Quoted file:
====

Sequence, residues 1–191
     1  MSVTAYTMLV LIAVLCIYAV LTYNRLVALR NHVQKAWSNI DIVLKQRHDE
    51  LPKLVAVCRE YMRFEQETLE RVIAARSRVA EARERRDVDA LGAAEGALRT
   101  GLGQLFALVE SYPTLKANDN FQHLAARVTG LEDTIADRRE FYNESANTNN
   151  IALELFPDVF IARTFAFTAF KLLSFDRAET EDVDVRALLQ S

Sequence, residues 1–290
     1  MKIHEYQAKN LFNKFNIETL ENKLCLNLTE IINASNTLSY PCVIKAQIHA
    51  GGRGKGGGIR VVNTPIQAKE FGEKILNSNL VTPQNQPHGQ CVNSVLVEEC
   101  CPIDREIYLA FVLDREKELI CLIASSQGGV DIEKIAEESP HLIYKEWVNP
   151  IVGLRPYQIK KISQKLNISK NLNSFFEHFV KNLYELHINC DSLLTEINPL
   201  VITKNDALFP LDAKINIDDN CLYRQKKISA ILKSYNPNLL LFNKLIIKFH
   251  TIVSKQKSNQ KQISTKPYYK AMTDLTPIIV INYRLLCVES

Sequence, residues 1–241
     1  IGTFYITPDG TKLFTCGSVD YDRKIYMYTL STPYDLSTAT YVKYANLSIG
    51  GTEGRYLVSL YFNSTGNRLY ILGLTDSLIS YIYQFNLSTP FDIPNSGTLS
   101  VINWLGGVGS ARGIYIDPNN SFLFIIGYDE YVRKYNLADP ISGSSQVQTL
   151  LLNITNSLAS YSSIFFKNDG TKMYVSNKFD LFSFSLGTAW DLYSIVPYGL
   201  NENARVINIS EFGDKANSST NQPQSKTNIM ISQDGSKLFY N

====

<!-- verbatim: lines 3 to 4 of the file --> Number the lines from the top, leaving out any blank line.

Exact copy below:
    51  LPKLVAVCRE YMRFEQETLE RVIAARSRVA EARERRDVDA LGAAEGALRT
   101  GLGQLFALVE SYPTLKANDN FQHLAARVTG LEDTIADRRE FYNESANTNN